The two sides, pro and anti Assad, have been very clearly drawn -but competing interests have muddied the water (as usually happens in a civil war). In this case we have the Russians, whose primary interest is keeping a foot hold in the region and competing with the U.S. for influence. There is Iran, who sees Syria as a 'must keep' in their desire to become the leaders of the Arab world and as a direct link for supplying and controlling Hamas and Hezbolah, both of which are surrogates in the world wide terrorism campaign and in fighting Israel. Then there is Turkey, who would dearly like to see a friendly Syrian government as more of a trading partner and less as a safe haven for Kurdish and Armenian "freedom fighters" -and as a way of replacing Iranian influence in the region. Saudi Arabia sees the conflict as important in removing Syria's Shia population from control in the area where the majority of the population is Sunni (a way of keeping Iran in check).
On the other side, we have Israel, who believes that anything that reduces Iranian power and influence is a good thing. We have NATO, whose interest is founded in being basically anti-Iranian and who would like to see some stability in the region. Then, of course, we have the United States, who seems to believe that democracy should always prevail -regardless of the consequences.
In the meanwhile the real victims of all this are the Syrian people. They are being killed by the thousands, with hundreds of thousands more fleeing to become refugees living in abstract poverty. I think the rebels would have given up by now and accepted a few token political changes by the regime in the name of peace -but they have been armed and encouraged by all these outside influences. A large number of rebels fighting in the streets are no longer even Syrians -they are "freedom fighters" from Lebanon, Libya, Qatar, Saudi Arabia, Yemen -even Al Qeada has a hand in the fighting. And the longer this "proxy war" continues with neither side gaining a clear upper hand, the longer the misery and death will continue. The refugee camps will become, as they have in every other case in the Middle East, breeding grounds for terrorists whose only desire is to strike out, using religion or politics or any other excuse to "get even" (with whom is not all that important).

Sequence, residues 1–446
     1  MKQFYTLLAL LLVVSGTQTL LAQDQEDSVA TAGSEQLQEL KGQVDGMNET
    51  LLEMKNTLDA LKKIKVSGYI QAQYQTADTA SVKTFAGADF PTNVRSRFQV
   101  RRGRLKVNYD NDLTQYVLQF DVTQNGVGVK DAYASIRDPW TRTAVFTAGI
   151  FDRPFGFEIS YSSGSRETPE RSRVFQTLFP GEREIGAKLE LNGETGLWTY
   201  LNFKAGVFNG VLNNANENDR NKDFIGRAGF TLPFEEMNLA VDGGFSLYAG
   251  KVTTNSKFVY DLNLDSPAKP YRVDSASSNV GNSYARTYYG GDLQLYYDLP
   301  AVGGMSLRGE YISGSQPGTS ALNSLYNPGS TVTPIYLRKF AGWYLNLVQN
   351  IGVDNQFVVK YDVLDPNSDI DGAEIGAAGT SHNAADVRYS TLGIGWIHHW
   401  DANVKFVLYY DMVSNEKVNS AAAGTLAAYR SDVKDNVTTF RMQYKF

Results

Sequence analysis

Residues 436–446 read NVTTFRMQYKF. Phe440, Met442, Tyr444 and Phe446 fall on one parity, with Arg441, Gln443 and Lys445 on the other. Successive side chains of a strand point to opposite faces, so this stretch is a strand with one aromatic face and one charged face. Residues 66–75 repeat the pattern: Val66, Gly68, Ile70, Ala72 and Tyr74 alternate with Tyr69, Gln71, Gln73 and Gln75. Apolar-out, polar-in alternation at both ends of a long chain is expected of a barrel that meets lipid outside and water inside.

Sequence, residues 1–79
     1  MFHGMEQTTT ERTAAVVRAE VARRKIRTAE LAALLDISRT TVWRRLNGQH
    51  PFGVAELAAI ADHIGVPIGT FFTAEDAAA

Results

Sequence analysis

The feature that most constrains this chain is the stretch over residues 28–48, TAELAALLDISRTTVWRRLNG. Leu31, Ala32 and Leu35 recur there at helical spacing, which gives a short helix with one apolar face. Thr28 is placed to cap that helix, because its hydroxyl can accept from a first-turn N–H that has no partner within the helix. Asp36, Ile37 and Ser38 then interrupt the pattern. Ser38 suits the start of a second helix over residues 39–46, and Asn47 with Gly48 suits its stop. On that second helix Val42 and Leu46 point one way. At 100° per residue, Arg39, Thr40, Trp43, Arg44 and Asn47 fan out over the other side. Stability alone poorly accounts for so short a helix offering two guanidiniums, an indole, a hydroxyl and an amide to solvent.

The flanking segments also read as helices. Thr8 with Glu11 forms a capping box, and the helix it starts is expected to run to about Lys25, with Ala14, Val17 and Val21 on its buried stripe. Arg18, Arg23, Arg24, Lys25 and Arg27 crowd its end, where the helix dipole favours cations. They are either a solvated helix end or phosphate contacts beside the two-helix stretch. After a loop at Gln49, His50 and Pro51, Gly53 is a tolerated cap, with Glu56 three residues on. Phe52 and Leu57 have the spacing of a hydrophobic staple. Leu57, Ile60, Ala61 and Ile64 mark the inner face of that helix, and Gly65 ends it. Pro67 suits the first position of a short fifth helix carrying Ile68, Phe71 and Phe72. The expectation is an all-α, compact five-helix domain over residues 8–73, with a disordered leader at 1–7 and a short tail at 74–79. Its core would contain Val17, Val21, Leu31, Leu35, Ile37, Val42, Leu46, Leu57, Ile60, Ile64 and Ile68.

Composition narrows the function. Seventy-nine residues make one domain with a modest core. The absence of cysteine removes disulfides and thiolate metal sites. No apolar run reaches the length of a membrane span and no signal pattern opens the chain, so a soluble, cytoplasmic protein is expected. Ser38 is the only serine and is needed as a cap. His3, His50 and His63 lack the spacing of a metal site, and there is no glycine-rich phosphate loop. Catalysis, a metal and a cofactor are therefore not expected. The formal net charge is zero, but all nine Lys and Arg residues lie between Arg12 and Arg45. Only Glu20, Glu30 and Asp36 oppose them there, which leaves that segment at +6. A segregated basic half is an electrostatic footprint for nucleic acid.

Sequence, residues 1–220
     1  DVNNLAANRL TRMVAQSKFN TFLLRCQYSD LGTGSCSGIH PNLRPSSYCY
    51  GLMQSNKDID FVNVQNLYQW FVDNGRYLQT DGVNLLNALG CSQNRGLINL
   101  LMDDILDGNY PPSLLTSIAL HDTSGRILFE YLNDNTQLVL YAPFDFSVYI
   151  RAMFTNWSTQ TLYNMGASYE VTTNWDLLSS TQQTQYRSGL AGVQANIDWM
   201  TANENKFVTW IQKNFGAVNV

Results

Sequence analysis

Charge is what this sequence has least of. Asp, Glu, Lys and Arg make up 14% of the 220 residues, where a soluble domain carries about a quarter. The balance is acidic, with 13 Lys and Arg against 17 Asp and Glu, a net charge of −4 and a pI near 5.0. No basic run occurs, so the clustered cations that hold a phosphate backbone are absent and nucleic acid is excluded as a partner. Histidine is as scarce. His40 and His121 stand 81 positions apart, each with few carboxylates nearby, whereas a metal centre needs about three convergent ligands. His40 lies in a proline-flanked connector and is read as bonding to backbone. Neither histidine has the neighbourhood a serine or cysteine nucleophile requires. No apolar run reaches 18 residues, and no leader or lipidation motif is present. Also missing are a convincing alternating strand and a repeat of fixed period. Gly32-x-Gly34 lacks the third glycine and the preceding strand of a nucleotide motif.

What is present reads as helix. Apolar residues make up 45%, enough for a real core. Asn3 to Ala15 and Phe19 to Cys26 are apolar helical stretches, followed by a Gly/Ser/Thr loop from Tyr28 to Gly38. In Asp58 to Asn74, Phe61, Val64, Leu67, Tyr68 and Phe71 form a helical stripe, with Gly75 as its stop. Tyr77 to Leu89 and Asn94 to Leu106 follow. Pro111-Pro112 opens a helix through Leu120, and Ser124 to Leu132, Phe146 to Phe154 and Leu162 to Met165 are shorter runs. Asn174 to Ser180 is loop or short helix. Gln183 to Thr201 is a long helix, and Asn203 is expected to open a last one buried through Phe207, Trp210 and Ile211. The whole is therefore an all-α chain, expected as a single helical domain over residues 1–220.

So, what do we do? What should we do? There are those who say we should do nothing, it is a Middle East (Muslim) problem -let them sort it out. There are those who say we can not afford to stay out of it. We should go in, flags flying, and bring an end to the conflict, forcing Assad out at gun point. When I hear comments like those, I can not help but ask a simple question. How has that worked out for us in the past? How did it go for us in Iraq? Or ln Afghanistan?
A step down from actually "putting boots on the ground" would be arming the rebels. But, is that a good idea? Giving weapons to groups like Al Qeada -and training the fighters in their use- sounds kind of, well, stupid. Am I wrong?
So, again, what do we do? I ask again because I don't know. I have not got a clue. There does not seem to be any good options. I am certain, however, that whatever happens, Assad will fall. That may be next week, or next month, or next year. But he will fall. And when that happens it will be a serious set back for boh Russia and Iran. If we do not become involved assisting the rebels, we will lose influence in the region, probably in favor of Turkey and Saudi Arabia. But, is that really such a terrible thing? Is the cost of maintaining influence worth the inevitable price our taxpayers and service members will have to pay? The answers to those questions fall way above my pay grade. They will have to be left to our politicians to sort out (a comforting thought all by itself).
Some one once said that "In a war, no one ever wins. They just lose less." I think that, in this case, those words were never truer.
Live Long and Prosper....